The first step in the synthesis of thyroid hormones is the organification of iodine. Iodide is taken up, converted to iodine, and then condensed onto tyrosine residues which reside along the polypeptide backbone of a protein molecule called thyroglobulin. This reaction results in either a mono-iodinated tyrosine (MIT) or di-iodinated tyrosine (DIT) being incorporated into thyroglobulin. This newly formed iodothyroglobulin forms one of the most important constituents of the colloid material, present in the follicle of the thyroid unit.[ads2]
The other synthetic reaction, that is closely linked to organification, is a coupling reaction, where iodotyrosine molecules are coupled together. If two di-iodotyrosine molecules couple together, the result is the formation of thyroxin (T4). If a di-iodotyrosine and a mono-iodotyrosine are coupled together, the result is the formation of tri-iodothyronine (T3).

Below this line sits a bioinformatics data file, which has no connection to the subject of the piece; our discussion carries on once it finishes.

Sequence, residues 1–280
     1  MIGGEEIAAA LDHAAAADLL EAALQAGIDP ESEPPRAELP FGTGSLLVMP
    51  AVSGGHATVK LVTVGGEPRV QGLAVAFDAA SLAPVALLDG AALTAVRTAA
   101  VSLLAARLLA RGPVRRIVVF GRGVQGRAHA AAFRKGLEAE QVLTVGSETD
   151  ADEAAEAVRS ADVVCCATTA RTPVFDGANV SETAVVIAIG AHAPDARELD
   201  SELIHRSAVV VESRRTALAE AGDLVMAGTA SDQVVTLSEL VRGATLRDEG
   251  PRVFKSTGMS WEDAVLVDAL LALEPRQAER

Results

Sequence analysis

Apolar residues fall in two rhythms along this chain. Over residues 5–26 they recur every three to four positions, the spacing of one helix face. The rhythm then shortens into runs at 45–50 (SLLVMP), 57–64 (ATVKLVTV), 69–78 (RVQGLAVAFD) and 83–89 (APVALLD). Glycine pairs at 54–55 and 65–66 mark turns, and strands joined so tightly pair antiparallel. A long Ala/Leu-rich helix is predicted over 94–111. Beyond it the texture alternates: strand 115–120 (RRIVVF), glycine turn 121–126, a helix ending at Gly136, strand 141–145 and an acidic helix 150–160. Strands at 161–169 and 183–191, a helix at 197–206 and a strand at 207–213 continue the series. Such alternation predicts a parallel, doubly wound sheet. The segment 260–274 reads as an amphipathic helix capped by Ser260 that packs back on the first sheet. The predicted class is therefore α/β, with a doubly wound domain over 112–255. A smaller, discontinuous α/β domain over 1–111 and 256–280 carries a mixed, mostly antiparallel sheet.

The T3 and T4 released from the thyroid by proteolysis reach the bloodstream where they are bound to thyroid hormone binding proteins. The major thyroid hormone binding protein is thyroxin binding globulin (TBG) which accounts for about 75% of the bound hormone.[ads2]
In order to attain normal levels of thyroid hormone synthesis, an adequate supply of iodine is essential. The recommended minimum intake of iodine is 150 micrograms a day. Intake of less than 50 micrograms a day is associated with goiter. High iodine levels inhibit iodide oxidation and organification. Additionally, iodine excess inhibits thyroglobulin proteolysis (this is the principal mechanism for the antithyroid effect of inorganic iodine in patients with thyrotoxicosis).[ads2]